A report published in September 2019 by the Food and Land Use Coalition estimates the total value of world food production at $10 trillion per year. However, the report argues that the environmental cost of food production is an additional $3.1 trillion, an amount that is not being paid by consumers, but being passed on in debt to future generations.*
As the graph below shows, the report’s authors estimate that the annual hidden costs of our current system of agriculture are even greater once you add in health and development. However, I am not sure that one can blame our farmers for, say, the world obesity epidemic, nor for malnutrition.
However it is not clear where subsidies fit into the calculations. The International Food Policy Research Institute (IFPRC), using OECD data, estimate that governments pay out $700 billion in farm subsidies each year, three-quarters of which are paid directly to farmers.
The Food and Land Use Coalition estimate the figure at closer to $1 trillion per year, and argues that the world has to “switch these subsidies into explicitly positive measures.” They say that they are a massive lever that could be used “to incentivise the farming community across the world to act differently.”
The EU agricultural subsidy bill comes to $65 billion per year, accounting for around 40 percent of the EU’s annual budget. However, as the New York Times recently reported, it is not always clear where the money ends up. One well-known statistic is that about 80 percent of EU agricultural aid goes to the top 20 percent of farmers; some 125,000 beneficiaries receive around $14.3 billion, or about $113,500 per farmer.
In the past couple of years the Trump administration has given US farmers about $28 billion in additional subsidies to offset the effect of the trade wars and the resulting higher Chinese tariffs on US agricultural products.
However, when it comes to agriculture, direct subsidies are just one of the screwdrivers in a government’s toolbox. As the Food and Land Use Coalition write in another report, there are three types of agricultural support:
- Trade or border measures such as tariffs or quotas that provide market price support;
- Direct subsidies on output or on the inputs (such as fertilizers or seeds) that create incentives to increase output;
- Decoupled subsidies that avoid incentives that change output levels but provide direct income support to farmers.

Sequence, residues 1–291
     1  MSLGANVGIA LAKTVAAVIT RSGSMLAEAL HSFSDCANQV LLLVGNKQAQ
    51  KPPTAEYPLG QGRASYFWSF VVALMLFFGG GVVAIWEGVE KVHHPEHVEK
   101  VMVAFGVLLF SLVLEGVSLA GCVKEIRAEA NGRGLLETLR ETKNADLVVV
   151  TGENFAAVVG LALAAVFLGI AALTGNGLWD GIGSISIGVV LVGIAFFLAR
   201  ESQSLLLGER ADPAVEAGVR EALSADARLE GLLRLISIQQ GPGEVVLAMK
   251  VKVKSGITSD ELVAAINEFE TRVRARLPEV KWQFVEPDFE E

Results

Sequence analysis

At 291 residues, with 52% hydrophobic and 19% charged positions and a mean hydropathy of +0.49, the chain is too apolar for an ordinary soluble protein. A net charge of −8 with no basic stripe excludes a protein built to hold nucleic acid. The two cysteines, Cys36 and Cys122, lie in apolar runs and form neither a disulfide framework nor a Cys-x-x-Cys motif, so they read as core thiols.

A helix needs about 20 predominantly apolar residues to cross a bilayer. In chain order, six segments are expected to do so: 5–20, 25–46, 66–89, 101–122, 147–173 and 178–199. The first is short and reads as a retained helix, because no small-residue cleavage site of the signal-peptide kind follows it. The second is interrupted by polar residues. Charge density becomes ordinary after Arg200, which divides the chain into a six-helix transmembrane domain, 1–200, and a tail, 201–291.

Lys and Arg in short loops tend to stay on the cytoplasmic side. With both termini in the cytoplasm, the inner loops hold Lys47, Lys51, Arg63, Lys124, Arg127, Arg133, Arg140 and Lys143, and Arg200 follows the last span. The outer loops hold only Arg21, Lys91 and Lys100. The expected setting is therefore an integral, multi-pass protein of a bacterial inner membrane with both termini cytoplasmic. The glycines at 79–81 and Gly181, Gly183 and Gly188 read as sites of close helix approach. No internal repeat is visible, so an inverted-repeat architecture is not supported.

The nature of agricultural support has changed substantially in the past 20 years or so. The traditional pattern of agricultural support involved substantial support to farmers in the rich countries, while poor countries, on balance, used to tax agriculture. In wealthy nations, average rates have fallen and there has been a move away from trade measures and towards decoupled protection that seeks to avoid pushing for higher agricultural production and reducing the market access opportunities of other countries.
In developing countries, agricultural policy has shifted from net taxation to net assistance: most support is provided through border measures that generate revenues, such as tariffs, rather than subsidies paid by governments.
In an interview for my 2015 book The Sugar Casino, Sunny Verghese, CEO of Olam and current chair of the World Business Council for Sustainable Development, estimated that “between 55 and 60 percent of global agriculture is unviable (economically and environmentally), only supported by government subsidies and transfers from taxpayers to the farmers.” He cited 2012 figures that showed that the 30 OECD countries paid out US$387 billion in farm subsidies, while the rest of the world paid out around $615 billion.
I asked Sunny how he would resolve the dilemma that you need higher agricultural prices to reflect the true cost of food, but that higher prices will affect the poor people the most. He suggested a “simple” answer: transfer all the subsidies that the rich world gives to farmers who don’t actually need the money – to the poor.
“We need to start to try and use those subsidies to ensure that people below the poverty line are not impacted by high food prices,” he told me.
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*I remember seeing another study, perhaps by the WWF, that estimates the annual environmental cost of food production at $2 trillion, but I have been unable to locate the report. If anyone does know where I can find it, please let me know.